Artichokes Alexander Pope wrote that it was a brave man who first ate an oyster. What possible words can describe the heroism of he who first ate an artichoke? Not only did he have to consume it, but he probably had to invent it as well. At first glance — and maybe even after patient consideration — little about the artichoke indicates either edibility or conscious creation. The thing looks more like a primitive instrument of war than a domesticated product of agriculture. With its overlapping rows of hard prickly petals, it seems only one step removed from a stick with a nail stuck in it. Yet somehow, sometime, someone almost certainly did create the artichoke. Exactly how, when and who are unclear. Obviously, it happened well before anyone thought to copyright a plant, or even to write a scientific paper claiming academic bragging rights. But there is little doubt that the artichoke was invented.
The vegetable that we call an artichoke is actually the unopened flower bud of a plant that is an improved cardoon. (My colleague Charles Perry says the word “artichoke” is derived from the Arabic al’qarshuf, which translates as “little cardoon.”) If you visit ethnic produce markets — particularly Italian ones — you may have seen a cardoon. It looks like a prehistoric stalk of celery. It is outsize and a pale dinosaur gray-green with a thick, stringy skin. Peel it, chop it and cook it, and you’ll taste artichoke.
Why did our unnamed farmer decide that the bud of the cardoon was more desirable than the stalk? Is that even what he was going for? Did he really think he had accomplished his goal, or did he simply give up? There is something haphazard, even accidental, about the artichoke. One thing’s for certain: no modern plant breeder would dare to come up with something like it. More’s the pity. The artichoke is one of spring’s great vegetables, with a buttery texture and an appealing flavor — an almost brassy sweetness that combines well with a multitude of other ingredients.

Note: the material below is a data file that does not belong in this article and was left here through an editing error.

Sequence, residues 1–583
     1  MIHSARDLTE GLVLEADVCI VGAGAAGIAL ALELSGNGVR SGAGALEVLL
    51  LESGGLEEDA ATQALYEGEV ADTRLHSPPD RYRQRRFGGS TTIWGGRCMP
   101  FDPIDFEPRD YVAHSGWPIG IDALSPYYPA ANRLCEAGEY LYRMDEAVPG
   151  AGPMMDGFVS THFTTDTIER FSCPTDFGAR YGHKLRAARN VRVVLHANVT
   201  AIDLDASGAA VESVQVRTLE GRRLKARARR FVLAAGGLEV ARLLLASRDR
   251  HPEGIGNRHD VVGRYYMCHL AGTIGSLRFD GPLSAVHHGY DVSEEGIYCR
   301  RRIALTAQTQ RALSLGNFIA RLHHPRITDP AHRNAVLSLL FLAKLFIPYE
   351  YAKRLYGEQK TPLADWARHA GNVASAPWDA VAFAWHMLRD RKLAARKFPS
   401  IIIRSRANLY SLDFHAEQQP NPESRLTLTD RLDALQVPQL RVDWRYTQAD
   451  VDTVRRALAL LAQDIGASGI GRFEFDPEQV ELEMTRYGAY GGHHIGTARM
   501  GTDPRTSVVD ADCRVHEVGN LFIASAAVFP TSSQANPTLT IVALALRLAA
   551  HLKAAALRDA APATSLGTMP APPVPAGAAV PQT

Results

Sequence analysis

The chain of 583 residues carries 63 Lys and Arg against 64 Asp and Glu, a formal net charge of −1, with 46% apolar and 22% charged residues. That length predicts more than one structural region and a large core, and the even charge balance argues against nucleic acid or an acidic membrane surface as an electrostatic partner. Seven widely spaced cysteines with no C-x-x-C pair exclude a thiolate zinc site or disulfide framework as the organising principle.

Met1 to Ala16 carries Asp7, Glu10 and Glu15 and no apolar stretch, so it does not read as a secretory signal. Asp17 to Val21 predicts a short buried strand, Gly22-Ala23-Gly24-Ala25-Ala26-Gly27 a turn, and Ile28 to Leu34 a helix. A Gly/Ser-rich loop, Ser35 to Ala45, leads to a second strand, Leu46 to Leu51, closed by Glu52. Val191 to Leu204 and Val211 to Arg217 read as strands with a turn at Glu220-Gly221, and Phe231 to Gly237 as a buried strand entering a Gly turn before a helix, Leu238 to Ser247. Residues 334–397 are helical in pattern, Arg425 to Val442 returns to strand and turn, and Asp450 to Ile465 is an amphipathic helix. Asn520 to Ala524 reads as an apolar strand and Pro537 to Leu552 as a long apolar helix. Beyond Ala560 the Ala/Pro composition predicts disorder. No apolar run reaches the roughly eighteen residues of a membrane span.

But there’s no getting around it, the artichoke is a peculiar vegetable. First, of course, there is its form — like a thistle-covered mace. The edible part of the artichoke is an unopened flower bud, or, more accurately, a collection of flower buds. If it is left to open, the artichoke will turn almost inside out, blossoming into something that looks like a flat pincushion stuck with hundreds of tiny lavender-blue flowers. It is attractive in its own gargantuan way, and fully opened artichoke flowers are sometimes used by avantgarde florists to make visual statements in arrangements. The sharp, tough “petals” or “leaves” of the artichoke are what botanists call bracts, which are actually somewhere between the two. Bracts are tough, leaflike objects that protect the flower.
But the artichoke’s contrariness is more than skin-deep. In fact, peel an artichoke and set it aside for a minute, and you’ll soon discover another of its eccentricities. Exposed to air, artichokes turn brown or even black. This is not altogether unusual in itself — potatoes do the same thing, and so do peaches and shrimp, among many diverse foods.
The process is what chemists call enzymatic browning. The plant contains a substance that when exposed to oxygen changes the color of the flesh. This is not always bad. All tea would be green if it were not for enzymatic browning. In the case of artichokes, though, it’s hard to see the benefit, at least for the cook. But whereas it is almost impossible to prevent enzymatic browning, we can delay it fairly easily, either by preventing exposure to oxygen or by treating the flesh with an acidic compound. Neither of these takes any special equipment, just a bowl filled with acidulated water — plain old tap water to which you’ve added an acid of some sort (white vinegar and lemon juice work equally well). When you’re done, keep the artichokes in the water until you’re ready to cook them. Oldtime chefs used to call for cooking artichokes en blanc — in a combination of water, acid and flour. This only slightly improved the color and pretty much wrecked the flavor for anything other than serving them as glorified chips and dip. You’re better off settling for only minimal browning.